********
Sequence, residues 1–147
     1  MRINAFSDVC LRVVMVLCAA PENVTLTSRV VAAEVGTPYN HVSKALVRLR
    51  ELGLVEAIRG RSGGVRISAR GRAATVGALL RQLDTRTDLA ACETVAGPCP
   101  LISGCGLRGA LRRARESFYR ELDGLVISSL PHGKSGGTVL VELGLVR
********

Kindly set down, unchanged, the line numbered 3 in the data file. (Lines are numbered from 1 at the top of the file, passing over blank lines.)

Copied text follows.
    51  ELGLVEAIRG RSGGVRISAR GRAATVGALL RQLDTRTDLA ACETVAGPCP